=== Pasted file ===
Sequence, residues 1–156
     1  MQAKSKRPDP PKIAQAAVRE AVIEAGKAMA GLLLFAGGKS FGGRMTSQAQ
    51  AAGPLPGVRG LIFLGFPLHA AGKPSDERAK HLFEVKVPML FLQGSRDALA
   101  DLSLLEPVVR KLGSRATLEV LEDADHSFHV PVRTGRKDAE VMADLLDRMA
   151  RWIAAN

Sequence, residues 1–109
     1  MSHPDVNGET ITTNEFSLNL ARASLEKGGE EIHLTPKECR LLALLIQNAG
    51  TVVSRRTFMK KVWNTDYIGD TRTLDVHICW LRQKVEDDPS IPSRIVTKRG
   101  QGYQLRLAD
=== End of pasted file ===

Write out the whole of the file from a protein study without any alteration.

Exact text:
Sequence, residues 1–156
     1  MQAKSKRPDP PKIAQAAVRE AVIEAGKAMA GLLLFAGGKS FGGRMTSQAQ
    51  AAGPLPGVRG LIFLGFPLHA AGKPSDERAK HLFEVKVPML FLQGSRDALA
   101  DLSLLEPVVR KLGSRATLEV LEDADHSFHV PVRTGRKDAE VMADLLDRMA
   151  RWIAAN

Sequence, residues 1–109
     1  MSHPDVNGET ITTNEFSLNL ARASLEKGGE EIHLTPKECR LLALLIQNAG
    51  TVVSRRTFMK KVWNTDYIGD TRTLDVHICW LRQKVEDDPS IPSRIVTKRG
   101  QGYQLRLAD